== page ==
Nuchal shield of Osteolaemus, removed as single unit.

A neat thing about the scutes is that they’re not all flat. Those at the lateral edges of the nuchal and dorsal shields have distinct medial and lateral parts in many crocodilians, with longitudinal keels positioned at the junction between the two. This is especially obvious in the large nuchal scutes of Osteolaemus. As you remove the nuchal shield of an Osteolaemus, the four scutes remain attached as a single unit and form a sort of neat little inverted box. If this was flipped upside down, you could keep it on your desk and use it as a container for paper-clips and drawing pins.

Dorsal musculature of the neck, visible as the nuchal shield is removed. Neat, pink transversospinalis capitis muscles.

Having removed the scutes and accompanying epidermis, we got to see the transversospinalis capitis musculature that runs along the dorsal surface of the neck. This was both deep and narrow, and also extremely pink, but I don’t know if that means anything in particular. If you dissect closer to the posterior border of the head, you of course get to see the gigantic depressor mandibulae and pterygoideus muscles, both of which take up an impressive amount of space about the back of the lower jaw and quadrate. Actually, while I’m familiar with the appearance and relative size of these muscles in Crocodylus crocodiles, I don’t know what they look like in Osteolaemus and I didn’t get to find out in this particular dissection. Oh well, maybe next time.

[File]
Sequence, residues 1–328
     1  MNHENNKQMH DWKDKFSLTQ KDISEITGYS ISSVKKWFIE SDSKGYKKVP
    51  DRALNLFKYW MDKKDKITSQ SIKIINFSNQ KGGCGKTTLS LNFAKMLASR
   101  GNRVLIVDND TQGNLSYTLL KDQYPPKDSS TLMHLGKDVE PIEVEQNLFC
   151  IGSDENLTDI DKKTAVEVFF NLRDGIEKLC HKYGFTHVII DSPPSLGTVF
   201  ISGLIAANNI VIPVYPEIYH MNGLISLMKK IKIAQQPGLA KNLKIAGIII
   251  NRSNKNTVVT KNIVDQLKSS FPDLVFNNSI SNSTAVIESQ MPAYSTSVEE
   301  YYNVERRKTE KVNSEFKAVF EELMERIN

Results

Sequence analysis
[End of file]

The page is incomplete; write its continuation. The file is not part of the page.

The hindlimbs and tail

Over 20 different muscle heads can't be wrong. The extracted muscle being held by human fingers is the ilio-tibialis 3. The ilio-femoralis is visible (roughly corresponding to the form of the femur)... as are many other muscles.

Finally, some brief comments on the hindlimbs and tail. Crocodilians have crazy complex hindlimb muscles, and I got to see many of those during the dissection. On the outermost surface of the thigh, the large and bulky ilio-tibialis is located more anteriorly than the flexor-tibialis externus – the muscle that forms the posterior border to the thigh. The ilio-tibialis actually has three distinct segments, all of which are attached to the dorsal edge of the ilium and all of which merge somewhere in the knee region. They overlie the two heads of the ambiens (one head originates from just anterior to the acetabulum, the other from the base of the pubic bone), the ilio-femoralis, the different parts of the femora-tibialis and various other muscles.